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Lord Drayson: PH Meets

Politician, racing team owner and electric racing advocate asks PH what do you want from Formula E?

By Dan Trent / Friday, May 24, 2013

Lord Drayson wants to kick off a debate about electric racing. And he knows where he wants that to take place - on PistonHeads. "It's lively!" he says of PH. "The great thing is you've got people who really do know their stuff and they're passionate and opinionated and we would really love the opportunity to generate some discussion."

Lord Drayson reckons Britain can lead the, er, charge

Lord Drayson reckons Britain can lead the, er, charge

So, the floor is open. What do you want of the impending age of electric motor racing, spearheaded with an opening round for the FIA-approved Formula E championship right here in London in 2014? Indeed, do electric motors have a place in motor racing at all? And can the whine of battery powered racers really replace that of a screaming F1 engine revving to 18,000rpm?

Drayson thinks so, his political savvy - following a peerage in 2004 he served as Defence Minister under Tony Blair in 2005, expanded his work to include the Department for Business two years later and from 2008 was Minister for Science and Innovation - matched with a passion for science, technology. And a desire to see Britain at the front of the electric revolution. As a politician he is a convincingly impassioned champion for British engineering talent and as a car fan and racer sees motorsport as a way to get electric cars away from what he describes as the 'greenwash' painting them as eco focused purely city runabouts.

Can petrolheads really embrace electric racing cars though?

Judd V10 out, electric motors in on B12/69EV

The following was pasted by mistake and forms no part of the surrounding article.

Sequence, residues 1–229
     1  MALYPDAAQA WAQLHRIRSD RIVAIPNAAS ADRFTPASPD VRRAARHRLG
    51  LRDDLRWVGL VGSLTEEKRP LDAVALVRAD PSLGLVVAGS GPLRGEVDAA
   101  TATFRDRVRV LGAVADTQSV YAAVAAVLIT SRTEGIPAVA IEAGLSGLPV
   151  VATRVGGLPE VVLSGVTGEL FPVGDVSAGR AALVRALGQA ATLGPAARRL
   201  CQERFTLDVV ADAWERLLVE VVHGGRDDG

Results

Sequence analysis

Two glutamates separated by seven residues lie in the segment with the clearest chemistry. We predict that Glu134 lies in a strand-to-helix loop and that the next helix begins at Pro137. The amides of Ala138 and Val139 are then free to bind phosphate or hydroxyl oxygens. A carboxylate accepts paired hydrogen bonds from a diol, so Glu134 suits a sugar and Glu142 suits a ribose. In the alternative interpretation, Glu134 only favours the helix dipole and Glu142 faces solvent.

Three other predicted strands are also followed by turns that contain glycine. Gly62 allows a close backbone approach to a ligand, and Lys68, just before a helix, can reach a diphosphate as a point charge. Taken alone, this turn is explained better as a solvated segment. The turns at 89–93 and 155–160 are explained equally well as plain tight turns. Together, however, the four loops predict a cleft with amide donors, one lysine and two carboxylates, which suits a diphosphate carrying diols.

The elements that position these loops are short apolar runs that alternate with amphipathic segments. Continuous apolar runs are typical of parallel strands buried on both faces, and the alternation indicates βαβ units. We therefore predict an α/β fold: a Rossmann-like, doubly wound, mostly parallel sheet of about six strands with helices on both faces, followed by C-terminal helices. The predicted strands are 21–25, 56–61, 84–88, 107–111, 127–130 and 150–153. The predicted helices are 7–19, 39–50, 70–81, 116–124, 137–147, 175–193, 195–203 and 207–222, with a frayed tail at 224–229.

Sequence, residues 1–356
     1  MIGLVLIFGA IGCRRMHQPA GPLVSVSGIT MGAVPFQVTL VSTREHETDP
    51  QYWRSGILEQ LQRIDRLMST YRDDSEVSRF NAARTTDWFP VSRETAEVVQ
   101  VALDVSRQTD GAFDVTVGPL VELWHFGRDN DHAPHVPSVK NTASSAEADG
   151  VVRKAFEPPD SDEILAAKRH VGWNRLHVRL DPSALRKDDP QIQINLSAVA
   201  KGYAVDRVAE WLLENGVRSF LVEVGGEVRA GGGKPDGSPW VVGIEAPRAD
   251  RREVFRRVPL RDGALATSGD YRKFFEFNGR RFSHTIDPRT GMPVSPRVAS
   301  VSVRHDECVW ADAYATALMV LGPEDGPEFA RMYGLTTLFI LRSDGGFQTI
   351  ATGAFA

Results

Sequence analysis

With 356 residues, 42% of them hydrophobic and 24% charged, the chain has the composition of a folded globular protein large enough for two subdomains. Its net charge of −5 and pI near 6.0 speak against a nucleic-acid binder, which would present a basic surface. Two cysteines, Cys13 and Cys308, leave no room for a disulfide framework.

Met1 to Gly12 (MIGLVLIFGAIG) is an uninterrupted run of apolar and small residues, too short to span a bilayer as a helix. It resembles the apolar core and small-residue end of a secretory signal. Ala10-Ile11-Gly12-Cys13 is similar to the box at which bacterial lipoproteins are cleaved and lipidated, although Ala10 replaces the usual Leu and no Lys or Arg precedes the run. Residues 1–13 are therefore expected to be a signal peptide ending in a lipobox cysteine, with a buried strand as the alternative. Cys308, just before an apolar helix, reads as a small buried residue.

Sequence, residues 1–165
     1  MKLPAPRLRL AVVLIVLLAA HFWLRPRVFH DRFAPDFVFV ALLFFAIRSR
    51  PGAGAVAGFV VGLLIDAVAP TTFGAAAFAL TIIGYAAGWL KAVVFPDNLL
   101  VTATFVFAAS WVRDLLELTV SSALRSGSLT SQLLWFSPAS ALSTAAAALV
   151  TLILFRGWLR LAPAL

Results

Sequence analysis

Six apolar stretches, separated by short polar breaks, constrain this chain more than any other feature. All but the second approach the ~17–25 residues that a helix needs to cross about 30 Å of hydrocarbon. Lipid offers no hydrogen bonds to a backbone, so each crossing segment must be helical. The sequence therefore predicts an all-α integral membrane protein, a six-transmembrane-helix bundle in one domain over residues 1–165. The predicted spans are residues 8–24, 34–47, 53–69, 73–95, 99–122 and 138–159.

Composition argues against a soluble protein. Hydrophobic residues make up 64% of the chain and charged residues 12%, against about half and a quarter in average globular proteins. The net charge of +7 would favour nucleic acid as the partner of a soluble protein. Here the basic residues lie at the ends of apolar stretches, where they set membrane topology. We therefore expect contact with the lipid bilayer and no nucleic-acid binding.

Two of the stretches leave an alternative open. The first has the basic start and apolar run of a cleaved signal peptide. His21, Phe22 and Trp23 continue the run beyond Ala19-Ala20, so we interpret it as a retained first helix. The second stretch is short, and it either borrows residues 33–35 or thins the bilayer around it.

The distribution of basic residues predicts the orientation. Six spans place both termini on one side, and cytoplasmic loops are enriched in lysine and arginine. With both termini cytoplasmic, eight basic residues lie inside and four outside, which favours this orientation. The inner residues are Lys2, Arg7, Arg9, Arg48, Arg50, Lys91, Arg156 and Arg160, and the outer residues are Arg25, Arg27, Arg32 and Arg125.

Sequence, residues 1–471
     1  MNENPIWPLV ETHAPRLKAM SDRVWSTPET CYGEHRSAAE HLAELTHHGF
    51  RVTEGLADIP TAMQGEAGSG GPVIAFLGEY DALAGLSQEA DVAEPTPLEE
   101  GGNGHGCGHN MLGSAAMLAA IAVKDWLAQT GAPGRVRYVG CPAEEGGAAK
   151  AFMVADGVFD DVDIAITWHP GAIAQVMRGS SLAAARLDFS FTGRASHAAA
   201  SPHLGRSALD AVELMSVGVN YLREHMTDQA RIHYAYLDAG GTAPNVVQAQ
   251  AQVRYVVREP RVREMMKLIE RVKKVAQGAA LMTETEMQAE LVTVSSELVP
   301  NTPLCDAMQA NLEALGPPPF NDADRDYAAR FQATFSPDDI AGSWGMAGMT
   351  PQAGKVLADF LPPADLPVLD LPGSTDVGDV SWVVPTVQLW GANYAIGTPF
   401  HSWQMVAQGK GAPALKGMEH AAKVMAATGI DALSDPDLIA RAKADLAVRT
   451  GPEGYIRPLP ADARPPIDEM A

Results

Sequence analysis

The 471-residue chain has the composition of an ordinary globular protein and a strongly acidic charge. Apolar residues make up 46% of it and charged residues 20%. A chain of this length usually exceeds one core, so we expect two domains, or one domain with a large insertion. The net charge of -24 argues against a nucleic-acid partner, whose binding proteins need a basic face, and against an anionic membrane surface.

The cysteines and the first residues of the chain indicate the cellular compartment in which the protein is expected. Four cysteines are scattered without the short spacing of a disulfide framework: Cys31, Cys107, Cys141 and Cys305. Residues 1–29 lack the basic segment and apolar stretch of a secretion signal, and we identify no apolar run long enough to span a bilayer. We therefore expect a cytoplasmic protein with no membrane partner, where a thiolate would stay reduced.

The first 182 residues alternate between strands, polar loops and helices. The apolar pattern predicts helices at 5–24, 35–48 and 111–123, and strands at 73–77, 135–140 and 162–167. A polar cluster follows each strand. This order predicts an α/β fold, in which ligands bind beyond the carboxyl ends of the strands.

Judd V10 out, electric motors in on B12/69EV

The electric Ferrari

The evening before meeting with us he'd been at a lecture at Oxford held by Ferrari F1 chief Stefano Domenicali. "I said to Stefano, just imagine what would the character of a Ferrari be if it weighed less than 1,000kg and it had 1,000hp electric drive that could drive on one charge from London to Paris?" he says with a grin. "He said 'it's not in the strategy' but we're doing this project with the Royal College of Art sponsoring a project asking what should be the design language of the electric car. You. Will. Be. Amazed. We've grown up with the emotion of the car being associated with the internal combustion engine. I don't know - we don't know yet - how will the thing that we love about cars translate to the electric car if you're given a clean sheet of paper. We're not talking about city cars. I'm talking about the Drayson E Racer, a car that is designed for absolute performance, no compromise and zero emissions. That's it, go to it."

Drayson's passion is clear enough, the tempo and pitch of the conversation rising as we go. Especially when he gets onto the electric B12/69EV that ran at Goodwood last year. In the first season the Spark-built Formula E cars - co-developed with McLaren and with Renault now on board - will use a common design. But after that teams will be able to use their own motors and control systems and Drayson Racing hopes to lead the field, using experience gained on the B12/69EV.

Drayson's first job was at Longbridge in 1978

Drayson's first job was at Longbridge in 1978

Sound of speed